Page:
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Tuesday, 7 April 2015

Something for the Kids: The Wonderful World of African Children's Literature

Blame it on the wonderful Golden Baobab Prizes, but in the last couple of years I've gotten more and more interested in children's literature. So much so that for a while now, I've been scouring the internet and bookshops (physical and online) learning about the wonderful world of children's literature. 

Initially, this post was going to be a compilation of the many wonderful books I was discovering, such as Margeurite Abouet and Mathieu Sapin's Akissi, but then in my search I came across a number of awesome sites that were doing a much better job than I ever could. Instead I decided to showcase some of them. So if you're curious about African children's literature and want to find out more - here are a few websites and publishers to get you going. 

Mmofra Foundation


Based in Ghana and founded by Ghanaian writer, Efua Sutherland, Mmofra Foundation is "dedicated to enriching the cultural and intellectual lives of all children in Ghana." If you haven't already, check out their Pinterest page - an awesome exploration of African children's literature (amongst many other wonderful things). There are booklists for kidsbooklists for Young AdultsPicture Book Art and even Green Books



Nal'ibali
Another cool website is Nal'ibali. isiXhosa for "here's the story", Nal'ibali is "a national reading-for-enjoyment campaign to spark children's potential through storytelling and reading." Their bookshelf section features children's books they enjoy and have also shared with children through their reading clubs and newspaper supplement. They have books of the month, featured books and recommended reads.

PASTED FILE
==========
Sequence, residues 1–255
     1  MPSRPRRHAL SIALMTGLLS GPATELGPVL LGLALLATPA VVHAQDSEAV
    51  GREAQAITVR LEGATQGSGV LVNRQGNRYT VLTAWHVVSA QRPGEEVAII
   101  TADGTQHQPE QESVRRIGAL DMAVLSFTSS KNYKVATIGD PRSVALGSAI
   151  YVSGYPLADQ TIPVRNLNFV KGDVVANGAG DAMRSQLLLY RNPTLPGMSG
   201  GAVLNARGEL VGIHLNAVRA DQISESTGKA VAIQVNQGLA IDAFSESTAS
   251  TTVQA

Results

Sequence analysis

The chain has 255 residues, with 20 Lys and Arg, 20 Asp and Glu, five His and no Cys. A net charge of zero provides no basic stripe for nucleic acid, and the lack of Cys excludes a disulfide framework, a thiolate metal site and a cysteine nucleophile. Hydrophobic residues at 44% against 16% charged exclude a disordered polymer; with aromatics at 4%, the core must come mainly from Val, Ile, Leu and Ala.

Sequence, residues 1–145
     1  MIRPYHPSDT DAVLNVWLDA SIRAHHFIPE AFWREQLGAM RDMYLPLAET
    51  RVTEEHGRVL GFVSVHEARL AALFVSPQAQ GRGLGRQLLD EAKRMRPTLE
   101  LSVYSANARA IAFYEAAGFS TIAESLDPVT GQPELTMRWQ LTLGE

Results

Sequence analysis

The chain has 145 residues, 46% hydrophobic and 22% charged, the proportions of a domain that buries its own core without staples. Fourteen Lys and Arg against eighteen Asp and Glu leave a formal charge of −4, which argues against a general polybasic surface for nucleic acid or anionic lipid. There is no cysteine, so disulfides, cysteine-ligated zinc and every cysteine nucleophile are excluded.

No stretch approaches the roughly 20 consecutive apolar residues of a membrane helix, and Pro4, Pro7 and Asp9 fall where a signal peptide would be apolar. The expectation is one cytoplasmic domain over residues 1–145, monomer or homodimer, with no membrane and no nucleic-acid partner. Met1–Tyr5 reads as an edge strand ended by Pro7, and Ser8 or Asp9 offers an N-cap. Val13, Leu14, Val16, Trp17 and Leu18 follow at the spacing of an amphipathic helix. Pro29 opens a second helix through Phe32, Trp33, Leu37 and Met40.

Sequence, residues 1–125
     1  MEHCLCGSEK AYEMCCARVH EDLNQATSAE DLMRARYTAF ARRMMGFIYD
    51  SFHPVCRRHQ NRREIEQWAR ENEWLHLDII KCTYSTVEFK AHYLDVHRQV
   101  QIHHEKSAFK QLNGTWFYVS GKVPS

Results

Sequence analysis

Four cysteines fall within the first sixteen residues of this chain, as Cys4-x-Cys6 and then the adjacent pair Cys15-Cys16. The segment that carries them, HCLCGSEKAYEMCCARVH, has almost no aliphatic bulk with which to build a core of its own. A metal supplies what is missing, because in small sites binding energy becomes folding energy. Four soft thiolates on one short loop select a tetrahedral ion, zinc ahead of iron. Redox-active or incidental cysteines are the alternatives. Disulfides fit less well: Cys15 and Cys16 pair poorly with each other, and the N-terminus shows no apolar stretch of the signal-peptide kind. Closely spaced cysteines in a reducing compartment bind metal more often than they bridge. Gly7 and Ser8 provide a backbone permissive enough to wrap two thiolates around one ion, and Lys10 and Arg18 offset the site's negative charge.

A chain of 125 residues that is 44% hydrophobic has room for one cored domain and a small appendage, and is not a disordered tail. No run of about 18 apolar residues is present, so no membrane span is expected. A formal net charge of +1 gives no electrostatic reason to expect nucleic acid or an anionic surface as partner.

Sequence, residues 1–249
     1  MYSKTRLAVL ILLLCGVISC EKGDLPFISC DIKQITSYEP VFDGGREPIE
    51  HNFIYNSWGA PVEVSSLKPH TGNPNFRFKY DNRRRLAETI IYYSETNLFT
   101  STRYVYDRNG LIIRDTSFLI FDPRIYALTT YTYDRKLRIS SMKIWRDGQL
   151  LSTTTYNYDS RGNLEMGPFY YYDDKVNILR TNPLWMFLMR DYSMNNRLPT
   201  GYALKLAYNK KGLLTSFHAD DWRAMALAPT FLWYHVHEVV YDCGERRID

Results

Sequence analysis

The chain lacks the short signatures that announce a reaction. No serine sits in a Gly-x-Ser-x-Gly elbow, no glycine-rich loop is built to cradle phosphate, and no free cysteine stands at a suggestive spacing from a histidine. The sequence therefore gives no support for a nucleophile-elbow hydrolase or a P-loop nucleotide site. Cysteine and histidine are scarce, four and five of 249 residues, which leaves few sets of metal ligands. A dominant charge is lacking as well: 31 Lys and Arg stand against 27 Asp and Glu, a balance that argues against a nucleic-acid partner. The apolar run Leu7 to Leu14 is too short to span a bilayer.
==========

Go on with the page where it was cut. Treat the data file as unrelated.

PUKU.co.za
Another southern African website, PUKU is a weekly online literary newspaper focused specifically on children's literature, education and literacy in southern Africa. PUKU aims to "build up a transparent, regularly updated and accurate database of reviews of recreational and educational books and resources for African parents, teachers and librarians in all South African official languages."



Kio Global
Founded by Chimaechi Ochei, after a trip to Lagos in 2008 where she visited a bookshop which didn't have books with African children in them, Kio Global aim is to provide "schools, governments, charities and families with educational resources that reflect cultures and languages globally." I love that this website sources books in different languages including Arabic, Hausa, Shona and Twi.
A number of publisher's on the continent also publish children's books including Kenyan Storyhippo books, Nigerian Cassava Republic, Tanzanian Mkuki Na Nyota, South African Jacana Media, as well as online bookstores, such as African Books Collective

A look at the many books from Storyhippo. Source: Storymoja

4 comments:

  1. Thanks for all these amazing resources, Zahrah! I'm hoping to start my PhD in African Children's Literature this fall (fingers crossed). I'll just keep whetting my appetite on these links.

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    2. Check out my website www.helenpapworth.com - I did my PhD on Ethiopian Illustrated Children's Literature and have uploaded it here.

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